Effectively, new clause 2 and amendment 3 continue the theme we explored in our debate on new clause 1 about the potential seizure of animals. They seek to ensure that there are powers to seize an animal in the event of continued breaches of the Bill. Fundamentally, the constituents I represent want to know that, in the event of such a breach, it will be possible to take the animals to a place of safety. That is really important to them and, I imagine, to many Members.
New clause 2 would introduce a power to seize an animal in the event of a breach and would confer that power on an inspector or, as the Minister pointed out to my hon. Friend the Member for Ipswich, a constable. Amendment 3 would amend the schedule, which includes a curious form of words. It effectively states that an inspector may remove a number of things from any property where there is a wild animal, except the animal itself. Seizing evidence in support of a prosecution makes a lot of sense, and I imagine we all agree with that, but the schedule does not allow the removal of the animal itself. At what point does it become possible to rehome the animal in a safe and secure way? The Opposition are concerned that it is not clear that the Bill contains any powers to seize animals and ensure that they are rehomed satisfactorily.
New clause 2 and amendment 3 would set out clearly in the Bill that, in the event of breaches—in the event that wild animals are subjected to continued cruelty by being held in small cages in environments that are not suitable for their continued care—the animals can be seized and rehomed. From my understanding, that is not included in the Bill, and I would be grateful if the Minister set out under what circumstances he envisages any wild animal being seized and taken to a place of safety, from the commencement of the Act. I imagine that most people watching these deliberations would want to know that in the event of a breach, those animals are safe.
New clause 2 and amendment 3 seek to provide inspectors with powers to seize animals and make alternative arrangements to care for them. Although we understand the concern that, in some situations, animals might need to be removed from the premises on safety or welfare grounds, such powers are already provided for in existing legislation. As such, the amendments are not necessary.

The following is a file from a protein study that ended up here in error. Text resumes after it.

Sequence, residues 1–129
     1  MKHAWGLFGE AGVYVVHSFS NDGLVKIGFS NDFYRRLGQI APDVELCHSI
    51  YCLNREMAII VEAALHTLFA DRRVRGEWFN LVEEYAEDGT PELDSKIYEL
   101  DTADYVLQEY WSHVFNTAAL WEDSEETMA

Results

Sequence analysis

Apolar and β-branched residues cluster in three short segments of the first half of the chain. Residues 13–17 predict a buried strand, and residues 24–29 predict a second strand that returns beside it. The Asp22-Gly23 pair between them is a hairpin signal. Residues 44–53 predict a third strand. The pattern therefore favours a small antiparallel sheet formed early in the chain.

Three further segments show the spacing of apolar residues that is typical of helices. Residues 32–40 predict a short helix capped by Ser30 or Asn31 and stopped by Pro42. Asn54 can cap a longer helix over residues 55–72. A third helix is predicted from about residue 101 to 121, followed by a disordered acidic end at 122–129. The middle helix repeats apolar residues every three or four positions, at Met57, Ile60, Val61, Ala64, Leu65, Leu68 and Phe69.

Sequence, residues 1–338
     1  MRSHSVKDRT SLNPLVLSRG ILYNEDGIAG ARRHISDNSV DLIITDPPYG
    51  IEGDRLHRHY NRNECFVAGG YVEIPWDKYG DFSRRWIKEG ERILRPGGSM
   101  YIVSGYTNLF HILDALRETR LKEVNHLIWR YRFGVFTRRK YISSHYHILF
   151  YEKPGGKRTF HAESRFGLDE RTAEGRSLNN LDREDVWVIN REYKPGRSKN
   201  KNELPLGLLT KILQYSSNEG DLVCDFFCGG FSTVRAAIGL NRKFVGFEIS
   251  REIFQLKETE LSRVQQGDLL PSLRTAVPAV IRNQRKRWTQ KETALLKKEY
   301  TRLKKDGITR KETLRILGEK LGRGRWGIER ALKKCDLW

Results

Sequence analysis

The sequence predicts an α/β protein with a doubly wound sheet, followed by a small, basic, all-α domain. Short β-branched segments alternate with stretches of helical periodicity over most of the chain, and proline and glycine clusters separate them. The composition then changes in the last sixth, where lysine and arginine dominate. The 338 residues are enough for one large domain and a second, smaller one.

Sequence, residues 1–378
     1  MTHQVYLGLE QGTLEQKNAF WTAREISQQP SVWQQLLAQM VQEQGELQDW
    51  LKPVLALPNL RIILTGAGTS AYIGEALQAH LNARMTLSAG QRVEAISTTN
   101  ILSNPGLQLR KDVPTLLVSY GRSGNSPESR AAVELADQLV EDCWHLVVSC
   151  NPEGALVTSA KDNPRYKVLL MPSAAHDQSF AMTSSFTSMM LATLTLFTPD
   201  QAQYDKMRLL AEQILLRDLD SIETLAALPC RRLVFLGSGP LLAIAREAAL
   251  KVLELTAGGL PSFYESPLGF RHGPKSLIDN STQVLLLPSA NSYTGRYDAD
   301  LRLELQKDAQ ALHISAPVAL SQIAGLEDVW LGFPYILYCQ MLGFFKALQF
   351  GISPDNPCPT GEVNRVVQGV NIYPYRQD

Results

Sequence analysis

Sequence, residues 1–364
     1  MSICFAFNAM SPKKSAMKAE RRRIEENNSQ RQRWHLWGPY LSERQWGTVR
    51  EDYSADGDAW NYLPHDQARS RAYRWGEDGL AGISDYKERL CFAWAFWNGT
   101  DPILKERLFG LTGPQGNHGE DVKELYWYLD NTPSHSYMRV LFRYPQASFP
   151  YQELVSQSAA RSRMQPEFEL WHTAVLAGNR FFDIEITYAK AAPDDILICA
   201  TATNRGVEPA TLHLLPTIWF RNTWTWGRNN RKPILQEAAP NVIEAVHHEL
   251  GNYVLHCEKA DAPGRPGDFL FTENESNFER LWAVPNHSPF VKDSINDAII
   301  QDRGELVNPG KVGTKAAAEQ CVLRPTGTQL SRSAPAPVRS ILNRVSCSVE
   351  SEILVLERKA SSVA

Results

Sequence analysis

The inspection powers provided by the Bill are only those that inspectors need to properly enforce the ban, including powers to enter and search premises, to examine animals and to seize objects. In this context, “premises” includes any vehicle, tent or moveable structure. In addition, inspectors have powers to video or photograph an animal, which would provide sufficient evidence of an offence.
We have not provided powers to seize animals during the course of an investigation or post-conviction penalty. In respect of pre-conviction seizure as evidence, that is because it is unnecessary. If there are welfare or public safety concerns, animals can be seized under the Animal Welfare Act 2006 or the Dangerous Wild Animals Act 1976.
To use an analogy, it is often the case that if someone who owns a large tree that they want to remove hears that a tree preservation order is about to be placed on it, they will chop it down before the order can be placed. Is there not a real danger that if it is not possible to seize animals under certain circumstances when they are about to be removed from a circus, they may be destroyed before they can be rehoused?
That is an interesting point, but I think it is unlikely. There are protections, so if a circus owner was minded to do such a thing, I would have thought that we would have seen evidence of animal welfare concerns, which would be dealt with under the 2006 Act. I will explain in more detail as I proceed why we have come to that conclusion, which will hopefully answer the question more fully.
The Animal Welfare Act 2006 permits seizure if an animal is suffering, or if they are likely to suffer if their circumstances do not change. The Dangerous Wild Animals Act 1976 permits seizure of certain types of animals, including camels and zebras, if they are being kept without a licence under that Act or if a licensing condition is being breached. There is also no need to seize an animal to prove an offence has been committed under the Bill. As the Bill bans the use of animals in circuses, the evidence would need to establish that use. Simply establishing that the circus had a wild animal would not be sufficient.
We do not think that the seizure of an animal is appropriate post conviction. The only offence that a circus operator will have been convicted of is using a wild animal in a circus. To deprive them of the animal entirely would be unprecedented and clearly disproportionate, and would lead to the threat of or concern about legal challenge. I appreciate that there may be concerns about repeat offending, but there is no limit to the fine that can be imposed by the courts, as we discussed in relation to disqualification. The way to tackle the challenge is to escalate fines over time, so a repeat offender would soon find themselves out of business.
As I have already outlined, where there are welfare or public safety concerns, the Animal Welfare Act and Dangerous Wild Animals Act provide the powers to seize animals. On those grounds, I urge the hon. Member for Plymouth, Sutton and Devonport to withdraw the new clause.
Based on the reassurances that the Minister has given, that the welfare of the animals can be looked after, I am happy to withdraw the clause. However, I think there is a strong point about ensuring that none of the animals can be used should there be any breaches, and the welfare of those animals must be paramount. The reassurances that the Government Minister has given are sufficient to send a clear message on that point, so I beg to ask leave to withdraw the amendment.